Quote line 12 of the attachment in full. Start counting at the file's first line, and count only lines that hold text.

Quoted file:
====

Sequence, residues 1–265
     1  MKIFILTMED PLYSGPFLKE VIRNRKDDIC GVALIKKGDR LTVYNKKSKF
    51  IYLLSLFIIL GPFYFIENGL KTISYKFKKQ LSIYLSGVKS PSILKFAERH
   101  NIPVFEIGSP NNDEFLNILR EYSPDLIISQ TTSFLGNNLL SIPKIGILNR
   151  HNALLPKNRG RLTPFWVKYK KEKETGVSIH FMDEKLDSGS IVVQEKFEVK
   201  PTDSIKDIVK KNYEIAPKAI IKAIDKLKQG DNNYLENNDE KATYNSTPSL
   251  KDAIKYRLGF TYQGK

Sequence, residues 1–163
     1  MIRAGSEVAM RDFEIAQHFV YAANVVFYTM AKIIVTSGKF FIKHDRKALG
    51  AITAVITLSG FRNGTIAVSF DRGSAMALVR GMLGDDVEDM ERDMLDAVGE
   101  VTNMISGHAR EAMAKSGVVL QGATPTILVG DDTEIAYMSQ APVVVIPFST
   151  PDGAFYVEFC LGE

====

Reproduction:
   151  PDGAFYVEFC LGE